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Seattle Housing Levy Fast-Tracks New Homeless Housing at The Clay

On March 23 the Low Income Housing Institute, a Seattle-based affordable housing provider, cut the ribbon and opened the doors to the newly constructed Clay Apartments.  Located in the heart of Capitol Hill, the building offers 76 efficiency units that LIHI will dedicate to people experiencing homelessness or highly vulnerable to homelessness – including apartments dedicated to veterans. 

The Clay wasn’t always intended as affordable housing. Its private developers planned to lease the apartments at market rates upon completion. But today’s momentary softening in the real estate market sparked an opportunity:  just prior to completion, the developers contacted the Office of Housing to see if we were interested in acquiring this brand new property on behalf of an affordable housing provider.  

The answer was yes – so long as the price was right.  After several rounds of negotiations, OH, the Washington State Housing Finance Commission, and the National Equity Fund’s Preservation Fund invested about $18 million to help LIHI acquire the building. 

The whole deal was sealed within the space of five months, proving that real estate savvy, quick action, and adequate resources can move real people into permanently affordable homes with very little delay. OH Director Emily Alvarado sums it up: “We know how to solve homelessness:  people need a home they can afford, they need services, and they need community to be healthy and stable.  We hear so much focus on interim solutions and suggestions that housing takes too long. The Clay proves otherwise.”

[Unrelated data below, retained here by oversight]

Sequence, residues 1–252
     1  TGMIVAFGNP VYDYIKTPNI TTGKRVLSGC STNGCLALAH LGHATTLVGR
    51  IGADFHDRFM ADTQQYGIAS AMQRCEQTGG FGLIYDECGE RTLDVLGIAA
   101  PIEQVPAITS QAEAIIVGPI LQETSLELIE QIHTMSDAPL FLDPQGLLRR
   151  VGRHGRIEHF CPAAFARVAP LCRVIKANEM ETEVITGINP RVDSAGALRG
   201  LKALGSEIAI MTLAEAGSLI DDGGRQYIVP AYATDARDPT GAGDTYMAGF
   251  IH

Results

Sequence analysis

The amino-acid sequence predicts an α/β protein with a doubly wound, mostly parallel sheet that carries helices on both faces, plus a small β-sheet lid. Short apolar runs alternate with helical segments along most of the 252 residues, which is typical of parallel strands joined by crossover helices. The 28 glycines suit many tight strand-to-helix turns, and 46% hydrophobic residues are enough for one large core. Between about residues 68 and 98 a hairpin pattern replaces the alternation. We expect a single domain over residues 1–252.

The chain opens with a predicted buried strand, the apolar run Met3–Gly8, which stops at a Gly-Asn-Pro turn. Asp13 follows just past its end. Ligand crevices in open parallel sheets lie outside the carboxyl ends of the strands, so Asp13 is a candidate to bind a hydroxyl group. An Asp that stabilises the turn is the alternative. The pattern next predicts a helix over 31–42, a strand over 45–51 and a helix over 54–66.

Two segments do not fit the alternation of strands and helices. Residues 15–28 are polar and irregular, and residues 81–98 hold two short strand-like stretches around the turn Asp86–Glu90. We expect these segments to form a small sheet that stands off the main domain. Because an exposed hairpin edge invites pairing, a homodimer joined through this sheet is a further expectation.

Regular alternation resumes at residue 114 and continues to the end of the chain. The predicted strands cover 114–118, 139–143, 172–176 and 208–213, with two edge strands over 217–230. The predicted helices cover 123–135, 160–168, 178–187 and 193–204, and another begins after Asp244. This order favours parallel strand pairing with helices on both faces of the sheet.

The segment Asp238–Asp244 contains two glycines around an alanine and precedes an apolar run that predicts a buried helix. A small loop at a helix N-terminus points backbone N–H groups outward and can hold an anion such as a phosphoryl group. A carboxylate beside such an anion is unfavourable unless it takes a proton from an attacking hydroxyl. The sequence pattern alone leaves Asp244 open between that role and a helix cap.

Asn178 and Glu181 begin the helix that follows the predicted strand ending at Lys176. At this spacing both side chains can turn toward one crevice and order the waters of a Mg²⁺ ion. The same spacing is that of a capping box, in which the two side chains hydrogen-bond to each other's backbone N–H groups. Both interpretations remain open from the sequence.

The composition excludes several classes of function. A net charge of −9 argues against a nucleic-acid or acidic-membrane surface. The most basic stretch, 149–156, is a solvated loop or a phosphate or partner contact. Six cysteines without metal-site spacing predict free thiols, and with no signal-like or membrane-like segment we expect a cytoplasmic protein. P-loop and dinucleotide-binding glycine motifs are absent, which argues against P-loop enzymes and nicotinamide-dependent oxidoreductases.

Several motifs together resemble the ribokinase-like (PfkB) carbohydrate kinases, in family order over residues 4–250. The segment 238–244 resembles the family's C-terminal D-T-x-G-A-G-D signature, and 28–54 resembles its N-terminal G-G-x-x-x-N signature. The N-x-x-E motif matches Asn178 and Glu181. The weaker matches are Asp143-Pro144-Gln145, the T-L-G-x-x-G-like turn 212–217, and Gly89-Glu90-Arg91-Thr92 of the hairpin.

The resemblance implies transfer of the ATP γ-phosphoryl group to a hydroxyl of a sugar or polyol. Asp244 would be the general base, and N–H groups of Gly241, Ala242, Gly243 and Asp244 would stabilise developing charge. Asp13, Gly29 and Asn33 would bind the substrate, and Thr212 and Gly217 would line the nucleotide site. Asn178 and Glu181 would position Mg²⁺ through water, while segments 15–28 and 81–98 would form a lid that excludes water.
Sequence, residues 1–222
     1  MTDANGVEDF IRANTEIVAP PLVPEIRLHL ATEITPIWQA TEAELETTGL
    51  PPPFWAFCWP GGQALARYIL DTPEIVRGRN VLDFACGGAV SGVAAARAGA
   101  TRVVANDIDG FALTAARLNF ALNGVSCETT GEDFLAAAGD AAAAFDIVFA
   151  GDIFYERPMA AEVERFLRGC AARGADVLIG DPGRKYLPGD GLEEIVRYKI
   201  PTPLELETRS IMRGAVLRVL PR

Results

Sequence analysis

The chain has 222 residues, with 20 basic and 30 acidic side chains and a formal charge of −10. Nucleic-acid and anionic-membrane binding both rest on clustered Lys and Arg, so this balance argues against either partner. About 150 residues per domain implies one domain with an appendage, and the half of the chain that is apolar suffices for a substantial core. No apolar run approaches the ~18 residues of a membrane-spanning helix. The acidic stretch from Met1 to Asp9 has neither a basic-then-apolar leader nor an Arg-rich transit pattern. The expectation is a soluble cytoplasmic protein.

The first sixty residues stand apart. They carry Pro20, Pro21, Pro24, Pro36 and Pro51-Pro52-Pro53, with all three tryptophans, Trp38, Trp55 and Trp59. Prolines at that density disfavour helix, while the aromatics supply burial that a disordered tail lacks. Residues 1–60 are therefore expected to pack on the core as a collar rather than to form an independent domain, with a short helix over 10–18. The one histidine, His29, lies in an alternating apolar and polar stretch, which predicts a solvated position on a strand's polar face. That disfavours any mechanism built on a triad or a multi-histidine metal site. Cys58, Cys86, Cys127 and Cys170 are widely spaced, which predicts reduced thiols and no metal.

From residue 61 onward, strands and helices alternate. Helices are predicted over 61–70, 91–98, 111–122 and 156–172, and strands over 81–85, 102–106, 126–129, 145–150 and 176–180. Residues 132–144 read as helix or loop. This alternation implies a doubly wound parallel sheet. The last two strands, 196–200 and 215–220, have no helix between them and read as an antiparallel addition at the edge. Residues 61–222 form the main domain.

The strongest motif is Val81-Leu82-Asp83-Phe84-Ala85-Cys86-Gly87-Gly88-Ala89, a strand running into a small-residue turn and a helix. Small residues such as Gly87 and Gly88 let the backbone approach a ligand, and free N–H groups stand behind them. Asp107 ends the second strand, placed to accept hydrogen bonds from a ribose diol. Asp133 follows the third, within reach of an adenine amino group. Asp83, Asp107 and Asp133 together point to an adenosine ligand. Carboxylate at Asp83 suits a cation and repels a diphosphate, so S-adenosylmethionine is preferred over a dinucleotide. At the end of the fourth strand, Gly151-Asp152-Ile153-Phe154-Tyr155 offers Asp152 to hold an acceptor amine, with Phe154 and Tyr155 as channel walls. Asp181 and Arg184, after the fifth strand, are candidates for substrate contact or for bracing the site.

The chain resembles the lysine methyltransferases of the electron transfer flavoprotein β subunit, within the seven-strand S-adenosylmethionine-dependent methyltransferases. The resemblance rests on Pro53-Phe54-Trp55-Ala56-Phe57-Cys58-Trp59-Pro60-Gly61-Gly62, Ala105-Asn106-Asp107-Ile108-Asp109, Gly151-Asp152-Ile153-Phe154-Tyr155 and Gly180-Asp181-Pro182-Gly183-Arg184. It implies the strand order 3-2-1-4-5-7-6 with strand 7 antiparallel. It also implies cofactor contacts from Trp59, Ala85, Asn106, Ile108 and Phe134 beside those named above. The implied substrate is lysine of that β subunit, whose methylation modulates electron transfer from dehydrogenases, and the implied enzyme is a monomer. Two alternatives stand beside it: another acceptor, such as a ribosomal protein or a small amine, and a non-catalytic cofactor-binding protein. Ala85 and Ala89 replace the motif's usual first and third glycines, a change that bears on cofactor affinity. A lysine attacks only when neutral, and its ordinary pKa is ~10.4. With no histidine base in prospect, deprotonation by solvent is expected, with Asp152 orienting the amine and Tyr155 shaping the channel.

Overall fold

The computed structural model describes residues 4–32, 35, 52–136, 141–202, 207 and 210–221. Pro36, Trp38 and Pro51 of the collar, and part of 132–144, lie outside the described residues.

The Clay makes 76 affordable homes immediately available to formerly homeless individuals and veterans. The building offers amenities and ground floor space that is easily adapted to its new residents:  a rooftop deck, community kitchen, library, computer lab, and counseling offices. Its Capitol Hill location provides access easy access to transit, services, and employment opportunities.  And there will be case management on site, provided by the Veterans Administration. 

Stephen, a formerly homeless veteran, is currently moving out of a tiny house village and into a permanent apartment at the Clay.  “I am no longer homeless,” says Stephen.  “Today is a milestone for LIHI and the homeless community. Today 76 people of all races and nationalities [can] begin the next step.”  Welcome home, Stephen.  

NextCity had some great coverage of The Clay’s opening:  here